PySpark Examples #2: Grouping Data from CSV File (Using DataFrames)

I continue to share example codes related with my “Spark with Python” presentation. In my last blog post, I showed how we use RDDs (the core data structures of Spark). This time, I will use DataFrames instead of RDDs. DataFrames are distributed collection of data organized into named columns (in a structured way). They are similar to tables in relational databases. They also provide a domain specific language API to manipulate your distributed data, so it’s easier to use.

DataFrames are provided by Spark SQL module, and they are used as primarily API for Spark’s Machine Learning lib and structured streaming modules. Spark developers recommend to use DataFrames instead of RDDs, because the Catalyst (Spark Optimizer) will optimize your execution plan and generate better code to process the data.

PySpark Examples #1: Grouping Data from CSV File (Using RDDs)

During my presentation about “Spark with Python”, I told that I would share example codes (with detailed explanations). So this is my first example code. In this code, I read data from a CSV file to create a Spark RDD (Resilient Distributed Dataset). RDDs are the core data structures of Spark. I explained the features of RDDs in my presentation, so in this blog post, I will only focus on the example code.

For this sample code, I use the “u.user” file file of MovieLens 100K Dataset. I renamed it to “users.csv” but you can use it with current name if you want.

Introduction to Apache Spark with Python

Today, I spoke about “Apache Spark with Python” at Big Talk #2 meet-up in Istanbul Teknokent ARI-3, another event organized by Komtas for big data community. We had almost full room. Mine was the last session of the day but the audience was still very focused and eager to listen the subjects, so for me, the event was great.

By the way, I also enjoyed the sessions of other speakers: Zekeriya Beşioğlu spoke about Data Lakes and Kylo (an open source data lake management software). I’ll surely test that software as soon as possible. After Zekeriya, İsmail Parsa spoke about data science on retails systems. I’m very impressed from his knowledge, and happy to find a chance to join his session.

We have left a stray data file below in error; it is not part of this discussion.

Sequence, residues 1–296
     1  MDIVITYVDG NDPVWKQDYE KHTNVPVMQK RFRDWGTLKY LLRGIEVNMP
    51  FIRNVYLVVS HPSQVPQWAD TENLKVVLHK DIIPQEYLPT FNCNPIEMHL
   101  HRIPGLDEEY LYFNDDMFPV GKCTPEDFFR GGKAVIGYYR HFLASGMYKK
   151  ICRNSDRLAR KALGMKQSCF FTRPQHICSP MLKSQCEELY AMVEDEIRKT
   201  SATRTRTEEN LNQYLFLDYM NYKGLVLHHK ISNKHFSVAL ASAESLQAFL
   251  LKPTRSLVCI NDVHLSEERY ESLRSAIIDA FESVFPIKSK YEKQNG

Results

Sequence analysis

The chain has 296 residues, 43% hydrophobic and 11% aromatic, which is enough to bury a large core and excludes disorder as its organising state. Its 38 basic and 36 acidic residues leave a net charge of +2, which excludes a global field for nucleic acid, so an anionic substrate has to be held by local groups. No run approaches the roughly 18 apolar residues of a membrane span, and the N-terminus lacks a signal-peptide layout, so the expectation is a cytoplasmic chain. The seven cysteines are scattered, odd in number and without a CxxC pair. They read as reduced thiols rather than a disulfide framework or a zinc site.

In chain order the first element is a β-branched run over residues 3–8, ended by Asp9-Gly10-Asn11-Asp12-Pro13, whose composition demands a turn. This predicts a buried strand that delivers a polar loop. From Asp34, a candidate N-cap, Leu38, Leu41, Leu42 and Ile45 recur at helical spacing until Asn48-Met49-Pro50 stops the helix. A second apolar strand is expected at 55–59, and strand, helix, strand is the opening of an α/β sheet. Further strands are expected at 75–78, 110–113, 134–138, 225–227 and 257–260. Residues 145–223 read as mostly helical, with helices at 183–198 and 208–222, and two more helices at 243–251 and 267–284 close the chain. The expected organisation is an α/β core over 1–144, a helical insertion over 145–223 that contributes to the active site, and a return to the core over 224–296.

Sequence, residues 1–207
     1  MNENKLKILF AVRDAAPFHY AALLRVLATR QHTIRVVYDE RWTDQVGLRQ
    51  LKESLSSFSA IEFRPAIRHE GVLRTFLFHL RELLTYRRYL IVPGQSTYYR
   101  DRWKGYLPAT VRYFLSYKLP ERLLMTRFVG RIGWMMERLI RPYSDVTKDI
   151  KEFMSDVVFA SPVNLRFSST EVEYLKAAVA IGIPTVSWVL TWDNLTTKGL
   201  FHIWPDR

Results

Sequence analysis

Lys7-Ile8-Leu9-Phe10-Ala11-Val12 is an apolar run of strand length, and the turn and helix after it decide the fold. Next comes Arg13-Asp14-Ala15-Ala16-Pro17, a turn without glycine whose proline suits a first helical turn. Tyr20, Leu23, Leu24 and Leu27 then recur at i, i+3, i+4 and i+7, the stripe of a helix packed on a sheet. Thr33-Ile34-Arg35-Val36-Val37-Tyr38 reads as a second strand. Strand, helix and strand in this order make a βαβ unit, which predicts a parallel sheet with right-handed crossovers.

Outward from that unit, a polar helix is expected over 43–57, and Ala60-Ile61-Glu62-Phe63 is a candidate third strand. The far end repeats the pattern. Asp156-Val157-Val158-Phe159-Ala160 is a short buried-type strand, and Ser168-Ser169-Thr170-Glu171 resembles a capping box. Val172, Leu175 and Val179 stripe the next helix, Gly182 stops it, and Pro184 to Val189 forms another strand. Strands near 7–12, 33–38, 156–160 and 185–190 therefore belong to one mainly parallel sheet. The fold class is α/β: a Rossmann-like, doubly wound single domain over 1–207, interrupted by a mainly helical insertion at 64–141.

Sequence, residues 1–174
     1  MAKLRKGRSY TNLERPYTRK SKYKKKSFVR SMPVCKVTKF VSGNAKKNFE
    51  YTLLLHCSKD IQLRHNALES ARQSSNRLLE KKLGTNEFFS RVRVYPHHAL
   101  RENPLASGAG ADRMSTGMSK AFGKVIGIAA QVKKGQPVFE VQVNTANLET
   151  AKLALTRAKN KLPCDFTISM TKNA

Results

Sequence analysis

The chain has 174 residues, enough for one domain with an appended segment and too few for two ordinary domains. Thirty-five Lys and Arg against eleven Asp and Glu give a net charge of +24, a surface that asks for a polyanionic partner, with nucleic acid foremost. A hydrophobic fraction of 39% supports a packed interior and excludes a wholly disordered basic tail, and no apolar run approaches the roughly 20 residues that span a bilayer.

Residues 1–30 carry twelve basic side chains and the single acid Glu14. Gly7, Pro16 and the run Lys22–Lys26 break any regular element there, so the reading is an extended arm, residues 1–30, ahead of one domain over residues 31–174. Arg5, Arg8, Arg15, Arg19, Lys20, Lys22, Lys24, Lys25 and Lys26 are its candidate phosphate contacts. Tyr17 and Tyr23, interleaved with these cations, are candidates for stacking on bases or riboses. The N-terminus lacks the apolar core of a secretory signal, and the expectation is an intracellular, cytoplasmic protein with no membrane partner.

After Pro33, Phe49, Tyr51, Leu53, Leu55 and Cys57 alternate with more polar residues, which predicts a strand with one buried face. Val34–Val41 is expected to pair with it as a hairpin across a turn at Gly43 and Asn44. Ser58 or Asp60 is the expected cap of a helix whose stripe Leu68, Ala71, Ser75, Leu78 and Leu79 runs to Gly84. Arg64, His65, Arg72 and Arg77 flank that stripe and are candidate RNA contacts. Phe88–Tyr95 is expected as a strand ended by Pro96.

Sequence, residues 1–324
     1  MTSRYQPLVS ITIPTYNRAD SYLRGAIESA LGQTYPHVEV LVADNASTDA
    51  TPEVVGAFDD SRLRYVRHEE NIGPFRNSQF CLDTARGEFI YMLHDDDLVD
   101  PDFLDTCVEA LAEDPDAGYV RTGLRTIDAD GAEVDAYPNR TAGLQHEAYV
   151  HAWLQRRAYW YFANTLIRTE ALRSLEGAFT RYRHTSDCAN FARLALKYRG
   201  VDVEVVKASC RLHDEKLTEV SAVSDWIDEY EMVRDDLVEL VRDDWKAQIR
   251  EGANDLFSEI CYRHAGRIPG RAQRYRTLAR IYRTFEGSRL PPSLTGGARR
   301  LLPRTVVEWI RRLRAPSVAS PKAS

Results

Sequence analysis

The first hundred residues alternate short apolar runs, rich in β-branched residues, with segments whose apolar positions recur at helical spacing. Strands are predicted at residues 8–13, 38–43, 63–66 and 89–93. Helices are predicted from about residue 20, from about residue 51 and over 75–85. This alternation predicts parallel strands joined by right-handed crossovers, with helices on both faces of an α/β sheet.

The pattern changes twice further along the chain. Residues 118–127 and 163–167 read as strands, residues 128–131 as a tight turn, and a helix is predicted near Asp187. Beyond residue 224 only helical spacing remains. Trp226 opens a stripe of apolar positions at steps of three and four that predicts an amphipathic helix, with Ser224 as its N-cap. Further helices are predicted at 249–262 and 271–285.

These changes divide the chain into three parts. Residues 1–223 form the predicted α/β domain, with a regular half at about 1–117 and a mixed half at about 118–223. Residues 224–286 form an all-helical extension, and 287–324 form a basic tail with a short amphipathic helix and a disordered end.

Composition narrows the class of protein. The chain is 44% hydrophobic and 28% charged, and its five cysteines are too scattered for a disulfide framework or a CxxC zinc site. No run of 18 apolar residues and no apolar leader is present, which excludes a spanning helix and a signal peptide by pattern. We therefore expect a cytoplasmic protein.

Using Spark to Process Data From Cassandra for Analytics

After my presentation about Apache Cassandra, most people asked if they can run analytical queries on Cassandra, and how they can integrate Spark with Cassandra. So I decided to write a blog post to demonstrate how we can process data from Cassandra using Spark. In this blog post, I’ll show how I can build a testing environment on Oracle Cloud (Spark + Cassandra), load sample data to Cassandra, and query the data using Spark.

Let me first create an Oracle Big Data Cloud instance. Instead of installing Spark manually, I’ll use Big Data Cloud service so I’ll have both Spark and Zeppelin. Zeppelin is a web-based notebook for interactive data analytics. I’ll use Zeppelin to run Spark scripts and queries.

I login to Oracle Cloud, and start creating Big Data Cloud service. I select “Basic” for deployment profile, because I do not need HIVE, I want only one node (for testing), and I select 2.1 of Spark version. After the service is created, I go to “Access rules” and enable ora_p2bdcsce_ssh because I will need connect to my server through SSH.

Build a Cassandra Cluster on Docker

In this blog post, I’ll show how we can build a three-node cassandra cluster on Docker for testing. I’ll use official cassandra images instead of creating my own images, so all process will take only a few minutes (depending on your network connection). I assume that you have Docker installed on your PC, have internet connection (I was born in 1976 so it’s normal for me to ask this kind of questions) and your PC has at least 8 GB RAM. First of all, we need to assign about 5 GB RAM to Docker (in case it has less RAM assigned), because each node will require 1.5+ GB RAM to work properly.

Open the docker preferences, click the advanced tab, set the memory to 5 GB or more, and click “apply and restart” docker service. Launch a terminal window, run “docker pull cassandra” command to fetch the latest official cassandra image.